As I’m learning more about human behavior while examining my own, I found an interesting fact that would apply to most of the people in the world.
We all want an easy way out.
It starts with a little thing. When we are late for an appointment, we say “Traffic was horrible today!”, “My mom was sick”, “I had a really bad headache”, or something similar. What well known as a lame excuse. In fact, this lame excuse is much better than the cold fact: “I was just being lazy”. If A is late for work because the subway wasn’t working due to the terrible weather, A can call the office and say “The train is not working, I have to wait” without no shame. Because A is stuck in the unsolvable situation that A didn’t create. If A slept through alarm, probably A would have compared a few excuses on the way to work.
Starting from the small things, the same mindset applies to the bigger life decisions. Something has to force them to take the action. I thought this passive attitude was a big problem in Korean society. Everyone makes excuses for everything. It looked like ‘I can’t’ was the answer for everything. I think it is a pretty big problem, but I have found out that a lot of people act like this no matter where they are from.
When I went to my cousin’s wedding two years ago, one of my aunts came up to me and said;
“You have to get married soon, so I can dress up. When can I wear this again?”
Maybe you’d think she was making a conversation and being friendly, and she was, but I realized again, this was how people usually think. They were forced to dress up because this was a special occasion. Even if they enjoy it, they would rather be seen as a victim of this wonderful day.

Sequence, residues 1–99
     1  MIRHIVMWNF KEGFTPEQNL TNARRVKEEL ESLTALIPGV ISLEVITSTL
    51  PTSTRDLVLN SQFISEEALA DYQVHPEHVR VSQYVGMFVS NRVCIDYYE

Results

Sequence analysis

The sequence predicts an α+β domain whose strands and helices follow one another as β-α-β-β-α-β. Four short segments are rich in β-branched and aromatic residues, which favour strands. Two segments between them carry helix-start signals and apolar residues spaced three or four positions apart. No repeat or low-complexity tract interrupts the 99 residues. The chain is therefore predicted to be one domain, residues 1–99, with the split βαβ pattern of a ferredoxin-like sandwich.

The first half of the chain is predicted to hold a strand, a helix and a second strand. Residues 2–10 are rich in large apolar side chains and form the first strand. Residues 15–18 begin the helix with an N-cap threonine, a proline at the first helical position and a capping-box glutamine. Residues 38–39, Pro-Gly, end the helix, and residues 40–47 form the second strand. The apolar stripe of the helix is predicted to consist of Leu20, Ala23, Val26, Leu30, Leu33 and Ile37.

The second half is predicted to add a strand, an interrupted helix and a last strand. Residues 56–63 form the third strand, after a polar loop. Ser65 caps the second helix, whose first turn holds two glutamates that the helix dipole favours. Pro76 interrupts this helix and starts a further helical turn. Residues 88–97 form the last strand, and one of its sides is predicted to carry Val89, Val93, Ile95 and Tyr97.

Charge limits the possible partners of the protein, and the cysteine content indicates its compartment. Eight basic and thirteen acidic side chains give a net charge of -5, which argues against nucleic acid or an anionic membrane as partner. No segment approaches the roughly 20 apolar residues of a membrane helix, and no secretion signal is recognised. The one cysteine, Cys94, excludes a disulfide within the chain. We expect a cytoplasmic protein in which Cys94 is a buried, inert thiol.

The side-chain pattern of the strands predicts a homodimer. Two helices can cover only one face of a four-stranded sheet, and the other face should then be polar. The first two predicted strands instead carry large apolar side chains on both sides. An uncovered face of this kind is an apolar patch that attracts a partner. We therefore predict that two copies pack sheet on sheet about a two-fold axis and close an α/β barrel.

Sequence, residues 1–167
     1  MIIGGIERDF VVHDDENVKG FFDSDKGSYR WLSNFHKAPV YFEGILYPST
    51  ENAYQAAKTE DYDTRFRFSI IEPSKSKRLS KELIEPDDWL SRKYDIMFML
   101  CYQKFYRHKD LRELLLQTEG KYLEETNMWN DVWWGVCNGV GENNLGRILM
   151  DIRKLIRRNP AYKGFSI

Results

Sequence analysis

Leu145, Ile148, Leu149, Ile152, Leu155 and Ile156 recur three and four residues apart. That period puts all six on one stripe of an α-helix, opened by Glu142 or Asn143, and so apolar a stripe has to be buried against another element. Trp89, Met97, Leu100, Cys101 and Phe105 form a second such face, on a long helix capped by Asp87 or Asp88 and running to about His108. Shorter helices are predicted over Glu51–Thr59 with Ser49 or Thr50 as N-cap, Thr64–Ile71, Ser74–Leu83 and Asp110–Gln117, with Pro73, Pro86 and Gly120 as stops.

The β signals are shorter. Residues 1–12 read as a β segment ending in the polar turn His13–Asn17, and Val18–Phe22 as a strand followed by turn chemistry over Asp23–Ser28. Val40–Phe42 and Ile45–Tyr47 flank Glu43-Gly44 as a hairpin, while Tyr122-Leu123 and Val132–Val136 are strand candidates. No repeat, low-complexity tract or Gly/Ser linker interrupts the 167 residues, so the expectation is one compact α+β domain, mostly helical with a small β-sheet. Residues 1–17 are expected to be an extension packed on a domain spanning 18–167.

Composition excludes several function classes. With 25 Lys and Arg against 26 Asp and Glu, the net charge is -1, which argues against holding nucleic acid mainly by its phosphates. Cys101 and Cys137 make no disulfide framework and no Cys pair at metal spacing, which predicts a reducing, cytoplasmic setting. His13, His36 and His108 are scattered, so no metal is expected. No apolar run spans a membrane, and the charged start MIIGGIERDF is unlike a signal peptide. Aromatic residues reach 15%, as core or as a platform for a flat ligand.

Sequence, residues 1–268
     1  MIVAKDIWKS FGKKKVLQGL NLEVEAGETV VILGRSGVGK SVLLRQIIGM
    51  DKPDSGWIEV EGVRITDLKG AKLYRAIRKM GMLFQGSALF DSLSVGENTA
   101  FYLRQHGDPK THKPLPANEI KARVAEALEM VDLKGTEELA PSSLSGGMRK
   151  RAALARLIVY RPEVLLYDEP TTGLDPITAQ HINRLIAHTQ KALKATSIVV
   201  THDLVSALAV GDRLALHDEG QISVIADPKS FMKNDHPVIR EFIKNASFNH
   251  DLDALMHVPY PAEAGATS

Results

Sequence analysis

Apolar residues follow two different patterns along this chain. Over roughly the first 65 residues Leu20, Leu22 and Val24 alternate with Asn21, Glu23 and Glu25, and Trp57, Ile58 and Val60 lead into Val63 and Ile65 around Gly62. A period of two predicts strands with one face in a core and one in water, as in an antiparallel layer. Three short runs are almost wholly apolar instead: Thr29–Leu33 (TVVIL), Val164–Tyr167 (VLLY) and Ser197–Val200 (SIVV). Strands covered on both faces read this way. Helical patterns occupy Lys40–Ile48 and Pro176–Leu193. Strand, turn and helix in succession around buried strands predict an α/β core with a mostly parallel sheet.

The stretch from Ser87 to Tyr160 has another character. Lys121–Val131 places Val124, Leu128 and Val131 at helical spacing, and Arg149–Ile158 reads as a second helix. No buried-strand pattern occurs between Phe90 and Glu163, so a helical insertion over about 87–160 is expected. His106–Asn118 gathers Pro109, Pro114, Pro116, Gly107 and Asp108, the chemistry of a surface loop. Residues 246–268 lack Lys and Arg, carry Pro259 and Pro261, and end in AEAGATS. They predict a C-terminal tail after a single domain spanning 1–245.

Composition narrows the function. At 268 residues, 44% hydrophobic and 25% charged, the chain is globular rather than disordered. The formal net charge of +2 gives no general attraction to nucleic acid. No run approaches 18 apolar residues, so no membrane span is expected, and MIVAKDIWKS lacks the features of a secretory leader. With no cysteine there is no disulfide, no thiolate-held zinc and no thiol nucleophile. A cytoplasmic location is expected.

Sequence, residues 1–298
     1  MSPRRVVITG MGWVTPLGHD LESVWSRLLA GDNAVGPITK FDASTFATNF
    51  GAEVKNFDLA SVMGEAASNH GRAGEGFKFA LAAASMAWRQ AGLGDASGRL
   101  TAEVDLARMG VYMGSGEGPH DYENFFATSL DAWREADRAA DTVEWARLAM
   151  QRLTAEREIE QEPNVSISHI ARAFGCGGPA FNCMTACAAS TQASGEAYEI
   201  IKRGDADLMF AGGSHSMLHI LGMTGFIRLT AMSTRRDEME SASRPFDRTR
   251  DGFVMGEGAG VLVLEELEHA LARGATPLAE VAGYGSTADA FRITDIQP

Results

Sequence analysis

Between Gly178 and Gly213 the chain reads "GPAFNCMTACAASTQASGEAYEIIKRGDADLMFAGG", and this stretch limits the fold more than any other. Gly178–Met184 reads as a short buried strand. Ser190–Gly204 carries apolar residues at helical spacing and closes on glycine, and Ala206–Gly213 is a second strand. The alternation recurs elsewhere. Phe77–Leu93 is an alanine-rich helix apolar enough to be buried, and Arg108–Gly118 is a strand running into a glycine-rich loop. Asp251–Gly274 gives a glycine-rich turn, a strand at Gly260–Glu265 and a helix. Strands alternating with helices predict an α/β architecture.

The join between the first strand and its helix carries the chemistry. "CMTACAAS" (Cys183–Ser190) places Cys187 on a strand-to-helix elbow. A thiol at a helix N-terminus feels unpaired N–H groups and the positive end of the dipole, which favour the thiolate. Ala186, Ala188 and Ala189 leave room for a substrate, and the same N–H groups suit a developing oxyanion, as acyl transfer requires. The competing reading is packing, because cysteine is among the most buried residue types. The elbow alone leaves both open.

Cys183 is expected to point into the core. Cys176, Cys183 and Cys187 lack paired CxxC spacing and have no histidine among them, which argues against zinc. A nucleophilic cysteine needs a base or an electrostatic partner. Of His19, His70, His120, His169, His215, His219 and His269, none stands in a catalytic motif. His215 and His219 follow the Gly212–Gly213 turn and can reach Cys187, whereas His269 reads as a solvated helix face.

When I mentioned I wanted to travel the world, people used to say I couldn’t. The people who are living outside of the country are only because their work made them move, not by their choice. Even if they aimed to get the position overseas, that’s not the story they tell the world. They were victims of the beloved company.
Have you ever wished that some terrible thing to happen when you got a phone call from someone you don’t really want to meet? It would be easier to say ‘my dog is sick’ than ‘I don’t want to meet you’, you think?
The people other than you shouldn’t make important life decisions for you. We don’t owe anything, anyone. But why would you victimizing yourself instead of taking control of your life?
Why can’t you dress up nicely when you feel like it, apply for a job overseas because you like the life outside of the country, say no to people you don’t want to meet, and travel the world because you dreamt about it for ten years?
There are a lot of inspirational articles about world travel, saying stop making excuses. And that’s true. Because I don’t have money, because my job doesn’t want me to leave, because I just can’t; these are all excuses. Sometimes there are reasons that stop us from leaving, but most of the time it’s an excuse. Not everyone traveling the world has a big fortune. They made a decision based on the priorities in life. Examine your answer. What’s more important to you? What’s on your priority list?
‘Stop making excuses’ applies to other subjects in life, not only to traveling. It’s the same logic. When you are standing on the crossroad, would you rather find an excuse not to take one direction, because that would be an easy way out, or step into the one you believe?
Let’s take control over the life. Stop the victimization. When you need to make a decision, be responsible. Think hard, step forward and make a promise to yourself that you can take any outcome from this decision. Everything is on you. Don’t expect anyone to make a decision for you. Stop seeking the excuses and someone to blame. Be responsible is a part of the package to being a grown-up.
Buying a house isn’t the only things that make you grown-up; taking a responsibility of the life decision is too. Maybe more.